Cycling: Horner captures overall lead at the Tour of Utah
Late burst puts Horner on top going into the final stage
Kristin Murphy, Deseret News
LITTLE COTTONWOOD CANYON — Chris Horner won the fifth stage of the Tour of Utah on Saturday to take the overall lead into the final day, passing fellow American Tommy Danielson in the final 200 yards.
The 42-year-old Horner, riding for RadioShack Leopard Trek, finished the 113.7-mile stage that ended at Snowbird Ski Resort in 4 hours 52 minutes, 45 seconds.
Tommy Danielson, riding for Garmin-Sharp, was a bike-length behind.
Belgium's Yannick Eijssen, riding for BMC racing, was third — 31 seconds behind Horner. Eijssen led for much of the race until Horner and Danielson overtook him on the climb to Snowbird.
Horner didn't compete in the Tour de France earlier this year because of knee surgery after earning top-15 finishes in 2010 and 2012. The Tour of Utah is Horner's first major race since recovering from surgery.
His knee has held up from start to finish through all five stages.
"The knee is 100 percent," Horner said. "There's no pain on the bike. There's no pain after the bike. It feels great."
Danielson seemed to be in good position to win after taking the lead on the final climb up Little Cottonwood Canyon. Horner stayed glued to Danielson's rear wheel and waited until the end to pass.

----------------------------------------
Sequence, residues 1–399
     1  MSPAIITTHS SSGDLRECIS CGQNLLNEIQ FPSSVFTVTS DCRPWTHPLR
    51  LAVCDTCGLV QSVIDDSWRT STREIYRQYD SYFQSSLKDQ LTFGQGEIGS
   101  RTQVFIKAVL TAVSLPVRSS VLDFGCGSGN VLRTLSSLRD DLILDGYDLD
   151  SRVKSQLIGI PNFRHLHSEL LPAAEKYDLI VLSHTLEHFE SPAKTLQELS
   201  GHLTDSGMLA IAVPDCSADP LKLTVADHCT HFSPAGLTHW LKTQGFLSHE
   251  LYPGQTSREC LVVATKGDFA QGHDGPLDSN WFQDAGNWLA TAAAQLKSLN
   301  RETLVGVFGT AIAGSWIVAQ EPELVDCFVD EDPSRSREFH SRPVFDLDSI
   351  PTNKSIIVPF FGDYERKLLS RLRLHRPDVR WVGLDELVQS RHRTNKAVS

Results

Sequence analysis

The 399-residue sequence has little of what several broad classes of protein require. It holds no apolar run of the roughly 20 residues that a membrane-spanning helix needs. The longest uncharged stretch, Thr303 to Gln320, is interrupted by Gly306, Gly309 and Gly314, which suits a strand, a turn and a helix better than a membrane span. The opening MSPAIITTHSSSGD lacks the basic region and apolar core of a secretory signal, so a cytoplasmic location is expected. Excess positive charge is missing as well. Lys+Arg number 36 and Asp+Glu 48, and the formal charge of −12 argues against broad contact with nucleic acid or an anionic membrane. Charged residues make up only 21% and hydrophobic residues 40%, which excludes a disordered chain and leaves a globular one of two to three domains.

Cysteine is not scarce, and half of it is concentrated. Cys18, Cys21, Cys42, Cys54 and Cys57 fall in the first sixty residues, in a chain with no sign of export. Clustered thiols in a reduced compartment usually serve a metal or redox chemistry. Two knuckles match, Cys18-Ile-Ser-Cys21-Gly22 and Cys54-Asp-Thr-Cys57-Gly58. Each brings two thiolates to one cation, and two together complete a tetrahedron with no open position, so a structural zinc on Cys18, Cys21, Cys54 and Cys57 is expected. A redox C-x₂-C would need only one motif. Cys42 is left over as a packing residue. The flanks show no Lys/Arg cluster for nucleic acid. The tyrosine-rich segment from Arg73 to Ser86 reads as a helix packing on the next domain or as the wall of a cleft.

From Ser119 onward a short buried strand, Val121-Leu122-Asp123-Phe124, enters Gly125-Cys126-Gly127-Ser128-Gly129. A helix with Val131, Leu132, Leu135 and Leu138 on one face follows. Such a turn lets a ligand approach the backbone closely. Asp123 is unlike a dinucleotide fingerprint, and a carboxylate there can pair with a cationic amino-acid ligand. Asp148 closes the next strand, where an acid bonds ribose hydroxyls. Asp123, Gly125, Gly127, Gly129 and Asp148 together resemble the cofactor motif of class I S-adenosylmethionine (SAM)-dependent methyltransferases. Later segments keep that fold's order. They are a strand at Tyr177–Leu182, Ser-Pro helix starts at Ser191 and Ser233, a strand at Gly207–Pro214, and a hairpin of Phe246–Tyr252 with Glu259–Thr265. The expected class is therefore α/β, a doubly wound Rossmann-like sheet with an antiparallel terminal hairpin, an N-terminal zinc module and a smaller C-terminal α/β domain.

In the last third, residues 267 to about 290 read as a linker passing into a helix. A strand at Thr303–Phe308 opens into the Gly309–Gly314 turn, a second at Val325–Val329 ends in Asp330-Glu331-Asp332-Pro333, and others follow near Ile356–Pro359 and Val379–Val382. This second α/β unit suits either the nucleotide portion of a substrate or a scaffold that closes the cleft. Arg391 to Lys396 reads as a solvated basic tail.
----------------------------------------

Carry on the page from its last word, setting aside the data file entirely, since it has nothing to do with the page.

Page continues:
"I would have liked to win the stage and drop him," Danielson said. "But there's no way you're going to drop him with that percent grade and a headwind and as strong as he is. I enjoyed trying. It was a really nice day."
Horner received significant criticism from some cycling fans on Twitter for sitting on his wheel and passing Danielson near the finish. The veteran cyclist defended his action, saying he had to keep pace because a small group of cyclists were right behind him — waiting for both riders to drop back so they could counterattack.
"Tactically, I knew I was in a good spot to sit on (his wheel)," Horner said. "It's my right to sit on. It feels bad to do it because Tommy is a friend of mine. But you got to do what you got to do at times."
Horner and Danielson are tied in time in the overall standings, but Horner is listed first because of his stage victory.
American Lucas Euser, riding for UnitedHealthCare, remained third at 33 seconds back. American Matthew Busche was fourth, and New Zealand's George Bennett fifth, both 37 seconds behind.
The 78.2-mile final stage on Sunday starts and ends in Park City.
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